Ski complex would be 'blot on landscape'
CAMPAIGNERS fighting to stop SnOasis say it will be a ghastly blot on the landscape and devastate a beautiful area of rural Suffolk.Councillors were shown images of the complex jutting 73 metres high into the Suffolk skyline and were told of people's fears that the amount of light generated would mean some local villages may never again truly enjoy night-time.
CAMPAIGNERS fighting to stop SnOasis say it will be a ghastly blot on the landscape and devastate a beautiful area of rural Suffolk.
Councillors were shown images of the complex jutting 73 metres high into the Suffolk skyline and were told of people's fears that the amount of light generated would mean some local villages may never again truly enjoy night-time.
The committee heard from a string of objectors worried about traffic, noise and the shattering of their rural lifestyle.
Lord Michael Blakenham, who farms land near the site and who has spent 20 years as a director of an investment bank, fears the habitat on the site will be lost, in an area which is home to creatures including bats and badgers.
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He added: “The building will project over the skyline by 73 metres. All the boxes have not been ticked with this project.''
John Williams, who represents a group of 15 communities in the Great Blakenham area, said their fears included the sheer height the ski slope will project into the skyline, and the scale of the development.
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He said traffic was still an issue, with no major motorways near the site and the committee was also shown a film made by local villagers showing the already terrible traffic locally.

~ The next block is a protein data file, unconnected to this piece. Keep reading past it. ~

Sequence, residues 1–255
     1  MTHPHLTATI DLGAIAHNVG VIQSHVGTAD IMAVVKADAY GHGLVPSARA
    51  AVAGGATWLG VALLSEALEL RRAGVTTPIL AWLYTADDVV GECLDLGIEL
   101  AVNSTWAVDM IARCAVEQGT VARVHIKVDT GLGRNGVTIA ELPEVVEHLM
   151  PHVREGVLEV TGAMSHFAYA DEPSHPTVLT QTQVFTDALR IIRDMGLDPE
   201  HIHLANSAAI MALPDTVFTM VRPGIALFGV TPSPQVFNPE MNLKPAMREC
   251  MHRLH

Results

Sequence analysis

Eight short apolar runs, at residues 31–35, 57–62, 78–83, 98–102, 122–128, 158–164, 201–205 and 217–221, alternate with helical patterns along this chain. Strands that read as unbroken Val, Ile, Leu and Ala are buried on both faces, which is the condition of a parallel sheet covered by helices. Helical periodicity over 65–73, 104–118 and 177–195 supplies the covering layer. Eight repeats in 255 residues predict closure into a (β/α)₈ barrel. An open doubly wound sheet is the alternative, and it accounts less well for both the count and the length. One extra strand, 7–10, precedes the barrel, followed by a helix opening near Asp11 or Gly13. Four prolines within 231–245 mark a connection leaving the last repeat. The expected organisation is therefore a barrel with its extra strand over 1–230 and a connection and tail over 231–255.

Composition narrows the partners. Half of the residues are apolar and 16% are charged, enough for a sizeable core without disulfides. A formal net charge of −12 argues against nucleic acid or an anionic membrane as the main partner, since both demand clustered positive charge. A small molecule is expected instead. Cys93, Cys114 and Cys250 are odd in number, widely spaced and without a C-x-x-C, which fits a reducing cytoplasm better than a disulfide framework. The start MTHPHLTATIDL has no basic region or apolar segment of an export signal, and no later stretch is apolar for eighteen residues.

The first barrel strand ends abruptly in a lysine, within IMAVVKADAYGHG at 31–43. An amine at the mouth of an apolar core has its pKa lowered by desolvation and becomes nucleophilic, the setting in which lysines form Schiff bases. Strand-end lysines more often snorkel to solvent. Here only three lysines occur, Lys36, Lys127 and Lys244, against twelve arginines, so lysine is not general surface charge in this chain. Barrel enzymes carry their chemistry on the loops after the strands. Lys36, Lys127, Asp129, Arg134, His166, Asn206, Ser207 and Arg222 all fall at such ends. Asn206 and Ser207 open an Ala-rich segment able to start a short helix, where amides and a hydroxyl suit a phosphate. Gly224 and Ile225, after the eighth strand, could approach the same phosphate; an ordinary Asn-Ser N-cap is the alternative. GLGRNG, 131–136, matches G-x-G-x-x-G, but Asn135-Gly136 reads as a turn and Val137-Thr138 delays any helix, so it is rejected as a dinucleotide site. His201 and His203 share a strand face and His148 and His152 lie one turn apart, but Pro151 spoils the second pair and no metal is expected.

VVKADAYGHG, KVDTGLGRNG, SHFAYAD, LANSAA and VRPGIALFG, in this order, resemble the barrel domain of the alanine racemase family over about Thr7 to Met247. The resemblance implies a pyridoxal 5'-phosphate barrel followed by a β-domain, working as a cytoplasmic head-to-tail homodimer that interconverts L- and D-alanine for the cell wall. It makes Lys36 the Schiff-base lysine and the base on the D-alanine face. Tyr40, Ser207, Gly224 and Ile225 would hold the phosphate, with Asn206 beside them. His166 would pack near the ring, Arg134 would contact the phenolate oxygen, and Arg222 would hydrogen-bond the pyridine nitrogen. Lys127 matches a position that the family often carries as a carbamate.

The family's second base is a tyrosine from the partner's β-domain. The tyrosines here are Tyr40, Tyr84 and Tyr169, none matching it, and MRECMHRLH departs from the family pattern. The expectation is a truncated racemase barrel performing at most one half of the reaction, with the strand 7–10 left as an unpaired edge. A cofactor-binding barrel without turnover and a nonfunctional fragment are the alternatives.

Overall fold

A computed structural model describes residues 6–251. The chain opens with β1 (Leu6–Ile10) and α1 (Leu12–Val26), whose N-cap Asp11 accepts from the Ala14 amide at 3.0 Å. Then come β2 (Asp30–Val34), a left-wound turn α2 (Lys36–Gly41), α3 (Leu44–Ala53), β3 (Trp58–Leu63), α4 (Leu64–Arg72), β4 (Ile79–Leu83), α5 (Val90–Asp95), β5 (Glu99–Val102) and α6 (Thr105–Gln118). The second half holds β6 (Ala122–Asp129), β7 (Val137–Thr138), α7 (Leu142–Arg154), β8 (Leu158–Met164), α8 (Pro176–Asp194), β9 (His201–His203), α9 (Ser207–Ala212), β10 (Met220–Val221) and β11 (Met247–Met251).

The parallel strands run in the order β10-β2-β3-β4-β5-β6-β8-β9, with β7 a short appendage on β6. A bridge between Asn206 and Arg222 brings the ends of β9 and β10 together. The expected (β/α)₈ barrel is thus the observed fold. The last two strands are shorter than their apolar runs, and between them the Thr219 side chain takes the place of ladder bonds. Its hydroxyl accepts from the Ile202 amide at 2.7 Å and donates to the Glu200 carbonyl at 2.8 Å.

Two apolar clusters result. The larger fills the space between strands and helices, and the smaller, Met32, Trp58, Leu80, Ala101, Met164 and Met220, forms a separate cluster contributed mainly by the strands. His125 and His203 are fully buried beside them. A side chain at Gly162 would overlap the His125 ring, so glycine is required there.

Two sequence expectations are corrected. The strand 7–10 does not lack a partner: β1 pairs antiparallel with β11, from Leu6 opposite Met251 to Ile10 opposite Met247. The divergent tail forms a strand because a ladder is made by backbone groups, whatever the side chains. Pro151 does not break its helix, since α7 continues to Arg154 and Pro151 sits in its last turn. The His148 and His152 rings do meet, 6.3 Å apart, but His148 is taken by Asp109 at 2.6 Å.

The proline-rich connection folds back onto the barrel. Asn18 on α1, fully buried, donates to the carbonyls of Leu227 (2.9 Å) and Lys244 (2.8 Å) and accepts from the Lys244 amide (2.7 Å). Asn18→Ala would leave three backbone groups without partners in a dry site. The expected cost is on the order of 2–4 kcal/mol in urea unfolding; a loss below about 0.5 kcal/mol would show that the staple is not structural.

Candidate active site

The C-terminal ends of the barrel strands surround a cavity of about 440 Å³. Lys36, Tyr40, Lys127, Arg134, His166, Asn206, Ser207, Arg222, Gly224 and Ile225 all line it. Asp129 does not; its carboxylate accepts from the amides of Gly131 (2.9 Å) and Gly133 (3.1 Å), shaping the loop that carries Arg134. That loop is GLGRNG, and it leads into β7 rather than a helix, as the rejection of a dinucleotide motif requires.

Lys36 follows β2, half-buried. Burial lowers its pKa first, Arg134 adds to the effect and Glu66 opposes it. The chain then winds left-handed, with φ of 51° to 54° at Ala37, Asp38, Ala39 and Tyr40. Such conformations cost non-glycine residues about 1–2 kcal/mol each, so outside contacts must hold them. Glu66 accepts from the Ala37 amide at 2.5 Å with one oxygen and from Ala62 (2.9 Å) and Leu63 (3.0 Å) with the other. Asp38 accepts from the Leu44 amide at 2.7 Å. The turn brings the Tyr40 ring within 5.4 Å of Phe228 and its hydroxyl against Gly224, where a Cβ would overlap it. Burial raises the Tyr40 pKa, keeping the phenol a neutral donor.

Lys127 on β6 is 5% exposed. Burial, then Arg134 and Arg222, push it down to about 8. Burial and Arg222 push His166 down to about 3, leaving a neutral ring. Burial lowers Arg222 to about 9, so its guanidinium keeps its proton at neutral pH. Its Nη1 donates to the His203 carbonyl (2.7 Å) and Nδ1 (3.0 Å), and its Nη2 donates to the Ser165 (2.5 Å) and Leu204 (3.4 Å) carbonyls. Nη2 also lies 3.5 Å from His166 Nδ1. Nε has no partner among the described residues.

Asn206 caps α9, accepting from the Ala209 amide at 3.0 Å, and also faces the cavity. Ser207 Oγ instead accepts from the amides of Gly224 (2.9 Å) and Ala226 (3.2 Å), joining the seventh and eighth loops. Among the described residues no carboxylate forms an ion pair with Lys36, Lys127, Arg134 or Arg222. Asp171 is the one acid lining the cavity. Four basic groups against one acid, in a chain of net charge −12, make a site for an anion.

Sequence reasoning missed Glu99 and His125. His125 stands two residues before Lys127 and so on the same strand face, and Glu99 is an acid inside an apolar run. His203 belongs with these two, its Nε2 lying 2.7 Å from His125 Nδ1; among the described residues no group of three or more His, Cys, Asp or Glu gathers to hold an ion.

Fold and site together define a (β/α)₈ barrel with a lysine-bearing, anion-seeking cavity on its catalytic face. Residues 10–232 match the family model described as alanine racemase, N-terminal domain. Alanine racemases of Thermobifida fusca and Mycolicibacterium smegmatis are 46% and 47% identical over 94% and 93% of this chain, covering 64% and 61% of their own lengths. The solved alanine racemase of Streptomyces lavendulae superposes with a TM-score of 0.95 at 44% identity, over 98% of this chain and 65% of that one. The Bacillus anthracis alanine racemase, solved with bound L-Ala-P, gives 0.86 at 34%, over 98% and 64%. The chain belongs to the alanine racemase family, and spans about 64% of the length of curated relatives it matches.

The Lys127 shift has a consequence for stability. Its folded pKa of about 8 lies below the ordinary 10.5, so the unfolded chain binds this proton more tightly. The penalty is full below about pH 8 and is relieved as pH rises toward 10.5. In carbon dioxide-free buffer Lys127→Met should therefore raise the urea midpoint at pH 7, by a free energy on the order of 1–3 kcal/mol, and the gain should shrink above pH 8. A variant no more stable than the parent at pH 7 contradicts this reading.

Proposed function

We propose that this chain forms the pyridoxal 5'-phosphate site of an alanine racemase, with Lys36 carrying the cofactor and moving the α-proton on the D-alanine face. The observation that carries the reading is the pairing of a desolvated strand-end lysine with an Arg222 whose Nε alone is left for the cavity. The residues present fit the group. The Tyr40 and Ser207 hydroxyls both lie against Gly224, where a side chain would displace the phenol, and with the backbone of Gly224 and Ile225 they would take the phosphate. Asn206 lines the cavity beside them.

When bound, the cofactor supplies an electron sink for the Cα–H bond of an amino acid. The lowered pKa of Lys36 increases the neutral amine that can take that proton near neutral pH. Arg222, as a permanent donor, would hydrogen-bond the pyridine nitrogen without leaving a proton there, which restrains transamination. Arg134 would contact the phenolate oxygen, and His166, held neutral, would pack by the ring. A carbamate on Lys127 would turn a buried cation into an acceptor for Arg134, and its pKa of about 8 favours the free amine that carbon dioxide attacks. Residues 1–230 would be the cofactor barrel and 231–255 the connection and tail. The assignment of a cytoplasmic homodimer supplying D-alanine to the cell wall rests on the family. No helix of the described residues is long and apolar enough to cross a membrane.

Keith Willetts, a resident who lives near Baylham, said: “This is a massive, massive building. It's been said that this development is like Centre Parcs on ice, but Centre Parcs is a very low scale development, with chalets mingling amongst trees.
“SnOasis will be visible from Bury St Edmunds. One of the joys of living in this part of Suffolk is it's rural, dark, and there is a lot of wildlife.
“Apart from the distant glow of Ipswich or Wattisham Airfield, it really is very dark. This is the wrong development, in the wrong place.''
Peter Trinder, the owner and operator of the artificial ski slope at Wherstead, near Ipswich, said: “If SnOasis goes ahead it will destroy everything me and my family have worked for, for the last 22 odd years, and that is very hard to accept.''
Mid Suffolk District Council's planning referrals committee is debating whether to give outline planning permission for the winter sports resort; whether to approve a new railway station, which planning officers consider is a prerequisite for SnOasis to go ahead; and a 421 home development by Persimmon Homes.
Regardless of the outcome of yesterday's meeting, which continues today, the battle for SnOasis is unlikely to be over.
If councillors vote in favour of the development the decision would have to be examined by the Government office for the east, which could force a public inquiry.
If the members vote against giving in principle approval Onslow Suffolk has the right to appeal to the planning expectorate within the Office of the Deputy Prime Minister, who would carry out a public inquiry.